In Royal Capital Development v. Maryland Casualty Company,1 the Georgia Supreme Court recently answered the 11th Circuit Court of Appeals’ question whether a policyholder with a commercial insurance policy can have a claim for the diminution in value caused by the resulting stigma incorporated with a damaged building.
Georgia courts have previously considered diminution in value claims with respect to auto policies. In State Farm Mututual Automobile Insurance Company v. Mabry,2 the Georgia Supreme Court held that a provision requiring the insurer to pay for loss to the insured’s car required the insurer to also pay for any diminution in value of the repaired vehicle. But the holding had not been extended to property loss damages until now.
In Royal Capital, an eight-story commercial building in Atlanta that was damaged by construction to the adjacent property. Prior to the loss, Royal Capital had purchased a commercial property insurance policy from Maryland Casualty. When Royal Capital submitted a claim to the carrier, it paid the physical damage claim but refused to acknowledge any responsibility to compensate the insured for the claim of diminution in value.
After Royal Capital filed suit against Maryland Casualty, both parties filed cross motions for summary judgment and the trial court ruled in favor of Maryland Casualty. Royal Capital appealed and found itself making case law with the Georgia Supreme Court.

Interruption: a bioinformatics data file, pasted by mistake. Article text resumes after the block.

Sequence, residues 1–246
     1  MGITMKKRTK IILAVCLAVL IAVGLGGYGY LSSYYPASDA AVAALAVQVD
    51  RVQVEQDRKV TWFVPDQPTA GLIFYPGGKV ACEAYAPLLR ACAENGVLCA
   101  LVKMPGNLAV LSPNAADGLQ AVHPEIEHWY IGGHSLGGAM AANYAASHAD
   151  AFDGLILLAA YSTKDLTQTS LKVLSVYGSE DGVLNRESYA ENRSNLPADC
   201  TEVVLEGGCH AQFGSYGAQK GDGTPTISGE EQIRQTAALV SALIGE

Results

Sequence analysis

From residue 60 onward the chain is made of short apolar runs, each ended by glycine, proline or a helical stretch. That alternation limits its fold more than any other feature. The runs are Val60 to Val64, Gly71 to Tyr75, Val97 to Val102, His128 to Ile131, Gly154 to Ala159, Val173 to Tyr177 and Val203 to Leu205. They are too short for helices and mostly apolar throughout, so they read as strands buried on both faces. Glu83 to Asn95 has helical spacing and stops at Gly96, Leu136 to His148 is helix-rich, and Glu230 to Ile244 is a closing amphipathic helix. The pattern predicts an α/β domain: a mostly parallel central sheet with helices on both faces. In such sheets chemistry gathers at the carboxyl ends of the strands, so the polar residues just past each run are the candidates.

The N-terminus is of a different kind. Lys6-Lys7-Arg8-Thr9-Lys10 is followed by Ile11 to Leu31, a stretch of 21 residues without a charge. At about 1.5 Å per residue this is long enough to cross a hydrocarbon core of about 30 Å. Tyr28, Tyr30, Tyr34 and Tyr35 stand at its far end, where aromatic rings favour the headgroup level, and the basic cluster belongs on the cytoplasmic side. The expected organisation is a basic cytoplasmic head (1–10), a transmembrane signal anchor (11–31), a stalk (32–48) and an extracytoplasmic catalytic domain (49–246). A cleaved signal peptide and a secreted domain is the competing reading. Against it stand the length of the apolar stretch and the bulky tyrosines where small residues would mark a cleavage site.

The Court ruled that a claim for diminution in value could be covered under a commercial property policy. The "[i]nsured was not precluded from seeking from real property insurer both costs of repair to building damaged during construction activity on adjacent property and any post-repair diminution in building’s value resulting from the damage."
The Court relied on the well settled principle "that the measure of damages in such cases is intended to place an injured party, as nearly as possible, in the same position they would have been if the injury had never occurred." The economic loss caused by the stigma of the damaged building is "an economic reality" and should be considered for coverage. The Court did caution policyholders that the provisions of the policy can make an impact on the rights of the parties for claims of this nature.
This well reasoned case benefits policyholders in Georgia, but I don’t think this will be the end of the diminution of value discussion. In fact, it may be only be the beginning.